Connect with us

Business

Troubled waters and fishy business

Today, consumers, distributors and even many seafood processors commonly lack basic information about the fisheries from which fish products originate. In general, they cannot know whether the fisheries are overfished or well-managed. They cannot even be assured that the fish were caught legally

Published

on

rtr2x6sh comp.32bd131b17d392233a0a60ed298961dd

Today, consumers, distributors and even many seafood processors commonly lack basic information about the fisheries from which fish products originate. In general, they cannot know whether the fisheries are overfished or well-managed. They cannot even be assured that the fish were caught legally – a major concern when current evidence suggests that illegal fishing could provide up to around 30% of the wild-caught seafood that reaches global markets and, ultimately, people’s plates.

Today, consumers, commonly lack basic information on fish sources

Today, consumers, distributors and even many seafood processors commonly lack basic information about the fisheries from which fish products originate

Overfishing cannot end without some fundamental changes in the fishing and seafood trade. Among the most important of these is to introduce traceability and transparency into seafood supply chains. Their absence is a fundamental obstacle to getting market signals in line with sustainability.

Such a system was introduced in 2009 by the International Commission for Conservation of Atlantic Tunas (ICCAT) for the Atlantic bluefin tuna – whose dwindling stocks and exorbitant price on fish markets have been highly publicized. The required government certification at each stage of the supply chain, from the oceans to consumers’ shopping carts, has dramatically improved compliance with ICCAT regulations. Before this measure, illegally produced tuna was easily confounded with legal products and almost no incentive existed for fishermen, fish farmers, traders or retailers to respect ICCAT rules. Perhaps most importantly, the measure raised consumer awareness around the issue of illegal fishing activity as well as its serious impact on the sustainability of tuna resources.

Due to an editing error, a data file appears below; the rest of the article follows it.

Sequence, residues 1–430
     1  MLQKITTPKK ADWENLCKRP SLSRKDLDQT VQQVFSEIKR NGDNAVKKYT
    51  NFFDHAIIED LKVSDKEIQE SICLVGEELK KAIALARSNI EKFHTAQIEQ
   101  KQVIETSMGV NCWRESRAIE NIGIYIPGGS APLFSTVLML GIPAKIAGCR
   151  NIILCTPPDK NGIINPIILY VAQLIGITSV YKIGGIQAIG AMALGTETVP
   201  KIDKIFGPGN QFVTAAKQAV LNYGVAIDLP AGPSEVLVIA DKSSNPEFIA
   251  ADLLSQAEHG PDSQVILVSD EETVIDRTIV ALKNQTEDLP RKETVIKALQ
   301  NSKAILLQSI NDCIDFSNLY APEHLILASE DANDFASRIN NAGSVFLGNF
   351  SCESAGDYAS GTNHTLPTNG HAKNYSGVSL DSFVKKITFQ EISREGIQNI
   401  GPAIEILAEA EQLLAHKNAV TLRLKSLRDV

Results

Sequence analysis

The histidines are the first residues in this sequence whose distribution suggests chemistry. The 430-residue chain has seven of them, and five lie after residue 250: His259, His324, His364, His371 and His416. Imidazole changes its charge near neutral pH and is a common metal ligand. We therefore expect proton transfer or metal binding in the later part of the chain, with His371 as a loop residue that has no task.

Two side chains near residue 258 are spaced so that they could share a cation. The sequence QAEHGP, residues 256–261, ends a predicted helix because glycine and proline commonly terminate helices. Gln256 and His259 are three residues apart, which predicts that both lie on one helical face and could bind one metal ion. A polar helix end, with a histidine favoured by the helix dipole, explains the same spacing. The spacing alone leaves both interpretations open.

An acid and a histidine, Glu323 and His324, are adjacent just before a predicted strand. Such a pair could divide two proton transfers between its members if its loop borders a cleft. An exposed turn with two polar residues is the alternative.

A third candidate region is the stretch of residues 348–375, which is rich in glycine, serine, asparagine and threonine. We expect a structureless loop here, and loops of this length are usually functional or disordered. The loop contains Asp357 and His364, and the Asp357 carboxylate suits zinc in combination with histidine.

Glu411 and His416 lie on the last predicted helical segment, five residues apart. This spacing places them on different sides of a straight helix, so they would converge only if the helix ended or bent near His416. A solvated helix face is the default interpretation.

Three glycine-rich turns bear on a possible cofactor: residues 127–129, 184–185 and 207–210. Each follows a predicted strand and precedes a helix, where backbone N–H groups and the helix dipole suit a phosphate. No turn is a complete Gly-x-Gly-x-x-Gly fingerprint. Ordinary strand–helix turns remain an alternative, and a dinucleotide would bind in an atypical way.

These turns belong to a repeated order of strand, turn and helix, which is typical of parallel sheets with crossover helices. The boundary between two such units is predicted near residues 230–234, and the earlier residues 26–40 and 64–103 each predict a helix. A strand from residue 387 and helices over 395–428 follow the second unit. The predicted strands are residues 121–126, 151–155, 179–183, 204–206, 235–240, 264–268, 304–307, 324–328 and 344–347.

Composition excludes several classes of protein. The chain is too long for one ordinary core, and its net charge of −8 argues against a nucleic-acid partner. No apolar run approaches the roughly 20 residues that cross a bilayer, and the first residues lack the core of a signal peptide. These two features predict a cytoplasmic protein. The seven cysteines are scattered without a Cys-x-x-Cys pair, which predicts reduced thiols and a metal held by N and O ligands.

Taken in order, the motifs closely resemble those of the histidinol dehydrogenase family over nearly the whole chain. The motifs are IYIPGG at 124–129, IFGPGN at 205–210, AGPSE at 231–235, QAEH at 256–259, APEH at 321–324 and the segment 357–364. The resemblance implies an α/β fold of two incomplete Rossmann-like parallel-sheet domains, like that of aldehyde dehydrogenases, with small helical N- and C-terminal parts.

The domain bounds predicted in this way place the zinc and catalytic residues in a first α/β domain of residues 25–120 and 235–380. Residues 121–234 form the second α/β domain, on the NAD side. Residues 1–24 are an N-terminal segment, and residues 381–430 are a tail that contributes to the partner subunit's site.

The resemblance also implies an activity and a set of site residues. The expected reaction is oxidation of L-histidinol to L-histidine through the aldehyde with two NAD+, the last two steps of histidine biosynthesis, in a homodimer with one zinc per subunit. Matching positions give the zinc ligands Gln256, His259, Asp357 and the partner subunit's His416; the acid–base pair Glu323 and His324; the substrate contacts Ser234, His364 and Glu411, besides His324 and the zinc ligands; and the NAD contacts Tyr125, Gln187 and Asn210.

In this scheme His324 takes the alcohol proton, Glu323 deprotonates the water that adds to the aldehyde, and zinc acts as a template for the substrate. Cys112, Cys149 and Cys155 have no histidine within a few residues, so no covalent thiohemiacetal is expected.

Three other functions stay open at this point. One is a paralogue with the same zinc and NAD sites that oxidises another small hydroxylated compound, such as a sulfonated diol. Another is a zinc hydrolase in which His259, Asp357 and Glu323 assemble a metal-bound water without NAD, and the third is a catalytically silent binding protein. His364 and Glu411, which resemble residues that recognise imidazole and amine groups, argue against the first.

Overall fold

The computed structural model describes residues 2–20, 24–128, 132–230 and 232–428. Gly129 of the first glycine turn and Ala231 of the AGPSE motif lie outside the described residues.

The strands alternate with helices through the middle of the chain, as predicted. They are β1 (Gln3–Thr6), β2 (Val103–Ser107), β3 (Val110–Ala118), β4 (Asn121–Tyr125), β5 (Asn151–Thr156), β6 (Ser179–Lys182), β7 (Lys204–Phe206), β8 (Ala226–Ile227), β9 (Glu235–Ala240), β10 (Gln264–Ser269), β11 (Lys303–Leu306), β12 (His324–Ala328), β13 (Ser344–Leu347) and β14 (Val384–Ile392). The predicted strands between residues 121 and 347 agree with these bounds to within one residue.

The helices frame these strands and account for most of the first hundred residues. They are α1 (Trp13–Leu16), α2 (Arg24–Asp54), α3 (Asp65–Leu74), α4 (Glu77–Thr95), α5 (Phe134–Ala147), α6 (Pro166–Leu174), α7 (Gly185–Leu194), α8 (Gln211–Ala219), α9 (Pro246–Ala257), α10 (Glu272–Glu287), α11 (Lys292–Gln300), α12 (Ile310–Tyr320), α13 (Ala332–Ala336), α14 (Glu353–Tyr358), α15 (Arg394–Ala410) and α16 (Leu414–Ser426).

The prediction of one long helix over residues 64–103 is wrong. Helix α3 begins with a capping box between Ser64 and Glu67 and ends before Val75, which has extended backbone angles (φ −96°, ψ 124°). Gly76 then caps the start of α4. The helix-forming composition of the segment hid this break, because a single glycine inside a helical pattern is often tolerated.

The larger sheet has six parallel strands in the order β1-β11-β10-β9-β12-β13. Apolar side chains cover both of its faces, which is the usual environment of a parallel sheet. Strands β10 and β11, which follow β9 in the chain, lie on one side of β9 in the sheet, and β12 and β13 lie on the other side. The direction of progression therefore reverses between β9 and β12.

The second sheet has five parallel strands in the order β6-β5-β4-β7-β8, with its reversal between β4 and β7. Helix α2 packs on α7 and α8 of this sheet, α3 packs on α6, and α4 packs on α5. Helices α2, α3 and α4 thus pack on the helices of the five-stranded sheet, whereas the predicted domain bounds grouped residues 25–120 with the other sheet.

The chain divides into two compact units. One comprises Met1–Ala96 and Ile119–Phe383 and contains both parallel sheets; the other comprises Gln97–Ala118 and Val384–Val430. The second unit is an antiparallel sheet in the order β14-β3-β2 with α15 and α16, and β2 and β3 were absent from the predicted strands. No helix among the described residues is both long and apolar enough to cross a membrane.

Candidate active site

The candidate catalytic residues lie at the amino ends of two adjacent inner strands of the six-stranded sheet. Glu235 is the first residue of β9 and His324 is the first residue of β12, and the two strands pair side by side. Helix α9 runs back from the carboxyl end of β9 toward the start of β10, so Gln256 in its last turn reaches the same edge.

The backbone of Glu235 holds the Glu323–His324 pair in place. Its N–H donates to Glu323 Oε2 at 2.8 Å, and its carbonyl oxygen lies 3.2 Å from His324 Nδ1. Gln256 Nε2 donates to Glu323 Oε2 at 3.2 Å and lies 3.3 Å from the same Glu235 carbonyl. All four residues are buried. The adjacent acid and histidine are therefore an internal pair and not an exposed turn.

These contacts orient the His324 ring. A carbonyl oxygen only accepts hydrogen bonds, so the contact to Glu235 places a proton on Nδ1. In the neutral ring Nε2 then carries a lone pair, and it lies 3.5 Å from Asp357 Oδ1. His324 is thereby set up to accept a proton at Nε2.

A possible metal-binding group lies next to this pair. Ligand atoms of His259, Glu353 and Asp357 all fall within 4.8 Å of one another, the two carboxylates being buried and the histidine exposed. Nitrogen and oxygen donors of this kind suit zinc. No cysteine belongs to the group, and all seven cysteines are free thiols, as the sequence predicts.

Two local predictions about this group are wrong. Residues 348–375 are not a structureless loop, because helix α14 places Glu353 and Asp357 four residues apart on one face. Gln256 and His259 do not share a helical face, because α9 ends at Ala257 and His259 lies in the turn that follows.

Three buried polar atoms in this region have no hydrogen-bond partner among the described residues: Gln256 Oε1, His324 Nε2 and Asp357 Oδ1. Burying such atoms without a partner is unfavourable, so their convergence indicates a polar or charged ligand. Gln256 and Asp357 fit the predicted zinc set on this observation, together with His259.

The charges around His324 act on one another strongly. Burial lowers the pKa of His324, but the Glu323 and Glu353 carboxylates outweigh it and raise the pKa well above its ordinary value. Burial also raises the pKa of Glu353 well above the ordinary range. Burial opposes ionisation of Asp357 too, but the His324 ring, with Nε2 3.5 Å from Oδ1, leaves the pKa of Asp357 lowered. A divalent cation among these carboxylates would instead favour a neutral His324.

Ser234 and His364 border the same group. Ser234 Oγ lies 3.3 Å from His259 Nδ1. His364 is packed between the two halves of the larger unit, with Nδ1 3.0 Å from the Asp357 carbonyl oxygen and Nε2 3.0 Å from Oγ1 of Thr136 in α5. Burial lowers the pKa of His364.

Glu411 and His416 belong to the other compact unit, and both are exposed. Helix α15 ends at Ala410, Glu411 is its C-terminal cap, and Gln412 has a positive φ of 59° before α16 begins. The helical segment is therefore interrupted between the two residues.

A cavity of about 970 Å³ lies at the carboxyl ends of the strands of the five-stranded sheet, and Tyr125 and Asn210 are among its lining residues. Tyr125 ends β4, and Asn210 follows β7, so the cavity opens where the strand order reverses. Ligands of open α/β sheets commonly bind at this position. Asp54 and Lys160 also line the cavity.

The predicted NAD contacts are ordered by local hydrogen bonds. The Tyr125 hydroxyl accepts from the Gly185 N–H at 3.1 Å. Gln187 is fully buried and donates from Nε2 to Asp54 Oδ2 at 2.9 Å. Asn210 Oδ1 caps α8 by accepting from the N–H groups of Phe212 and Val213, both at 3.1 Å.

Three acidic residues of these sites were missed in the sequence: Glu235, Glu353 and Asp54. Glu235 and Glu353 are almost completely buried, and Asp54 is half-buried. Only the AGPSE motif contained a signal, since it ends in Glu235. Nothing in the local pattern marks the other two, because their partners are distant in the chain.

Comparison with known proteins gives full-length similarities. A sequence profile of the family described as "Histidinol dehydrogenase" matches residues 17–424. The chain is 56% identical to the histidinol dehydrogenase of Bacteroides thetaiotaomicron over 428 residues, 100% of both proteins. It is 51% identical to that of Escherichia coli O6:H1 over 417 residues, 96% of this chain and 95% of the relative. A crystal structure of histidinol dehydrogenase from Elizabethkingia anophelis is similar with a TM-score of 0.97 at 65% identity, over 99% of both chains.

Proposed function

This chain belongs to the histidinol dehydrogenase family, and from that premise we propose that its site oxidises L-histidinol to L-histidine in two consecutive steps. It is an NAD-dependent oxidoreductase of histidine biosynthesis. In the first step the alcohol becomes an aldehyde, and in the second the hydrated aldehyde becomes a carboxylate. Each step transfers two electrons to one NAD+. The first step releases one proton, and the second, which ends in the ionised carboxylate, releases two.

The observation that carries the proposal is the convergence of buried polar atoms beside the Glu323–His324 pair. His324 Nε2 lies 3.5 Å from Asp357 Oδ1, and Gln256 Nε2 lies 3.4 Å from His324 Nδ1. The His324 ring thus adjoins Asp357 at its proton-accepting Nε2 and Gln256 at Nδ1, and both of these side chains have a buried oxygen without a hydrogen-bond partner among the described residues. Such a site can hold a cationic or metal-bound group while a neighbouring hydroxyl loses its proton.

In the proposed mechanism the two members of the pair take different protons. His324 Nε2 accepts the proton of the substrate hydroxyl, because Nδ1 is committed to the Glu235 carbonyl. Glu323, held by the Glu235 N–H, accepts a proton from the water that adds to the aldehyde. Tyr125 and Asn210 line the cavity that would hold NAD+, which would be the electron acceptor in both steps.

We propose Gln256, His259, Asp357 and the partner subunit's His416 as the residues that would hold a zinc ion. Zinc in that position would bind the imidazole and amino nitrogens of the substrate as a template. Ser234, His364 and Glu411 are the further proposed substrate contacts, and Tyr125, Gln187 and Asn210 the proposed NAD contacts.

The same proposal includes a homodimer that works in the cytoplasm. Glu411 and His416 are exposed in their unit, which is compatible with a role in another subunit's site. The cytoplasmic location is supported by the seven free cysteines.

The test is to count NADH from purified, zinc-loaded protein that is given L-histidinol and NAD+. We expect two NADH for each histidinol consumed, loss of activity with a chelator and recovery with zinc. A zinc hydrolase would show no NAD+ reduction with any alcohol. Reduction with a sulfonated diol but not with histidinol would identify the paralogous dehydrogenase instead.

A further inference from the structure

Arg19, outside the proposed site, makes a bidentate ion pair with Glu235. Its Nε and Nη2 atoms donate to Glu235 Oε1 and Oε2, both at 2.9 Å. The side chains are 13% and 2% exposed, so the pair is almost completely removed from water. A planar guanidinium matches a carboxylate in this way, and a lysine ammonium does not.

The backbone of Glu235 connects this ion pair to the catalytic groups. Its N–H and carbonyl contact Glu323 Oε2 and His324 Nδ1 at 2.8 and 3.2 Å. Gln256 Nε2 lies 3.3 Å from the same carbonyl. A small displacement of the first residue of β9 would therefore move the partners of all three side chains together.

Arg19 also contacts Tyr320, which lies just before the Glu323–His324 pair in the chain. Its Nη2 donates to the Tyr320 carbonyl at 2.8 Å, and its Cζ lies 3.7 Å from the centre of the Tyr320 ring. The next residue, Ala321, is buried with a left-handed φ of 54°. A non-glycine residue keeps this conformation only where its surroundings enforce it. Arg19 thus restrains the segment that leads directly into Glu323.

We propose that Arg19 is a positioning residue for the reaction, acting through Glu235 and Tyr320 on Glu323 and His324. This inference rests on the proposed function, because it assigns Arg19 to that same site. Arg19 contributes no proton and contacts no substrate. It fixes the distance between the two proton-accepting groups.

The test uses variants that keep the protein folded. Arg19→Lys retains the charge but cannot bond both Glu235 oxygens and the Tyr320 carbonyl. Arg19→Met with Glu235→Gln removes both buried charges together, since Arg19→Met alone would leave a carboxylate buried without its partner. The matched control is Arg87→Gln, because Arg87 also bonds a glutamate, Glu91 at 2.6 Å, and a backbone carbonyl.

The story is not over yet – ICCAT is now working on the introduction of an electric, internet-based traceability system which will be both user-friendly and resource-efficient. Other relevant international organizations are also seriously considering the expansion of traceability of all tuna and other major species. This is an example of great success, not only for the conservation of marine species but also in transparent and accountable supply chain management.

via Seafood supply chains: no more fishy business | Forum:Blog | The World Economic Forum.

Click to comment

Leave a Reply

Economics

Stable outlook for APAC sovereigns as growth rebounds and debt stabilizes

Economic growth rates in Asia-Pacific are broadly rebounding and debt burdens stabilizing, giving rise to a stable outlook for sovereign creditworthiness in 2022. Still, the pace of recovery differs vastly, and some economies will experience deep economic scarring, according to a new report by Moody’s Investors Service.

Published

on

moodys flare

Economic growth rates in Asia-Pacific are broadly rebounding and debt burdens stabilizing, giving rise to a stable outlook for sovereign creditworthiness in 2022. Still, the pace of recovery differs vastly, and some economies will experience deep economic scarring, according to a new report by Moody’s Investors Service.

(more…)
Continue Reading

Business

China’s economy stumbles on power crunch

Published

on

Chinas economy stumbles on power crunch property woes

BEIJING (Reuters) – China’s economy hit its slowest pace of growth in a year in the third quarter, hurt by power shortages, supply chain bottlenecks and major wobbles in the property market and raising pressure on policymakers to do more to prop up the faltering recovery.

(more…)
Continue Reading

Recent

Most Read

Join 14,209 other subscribers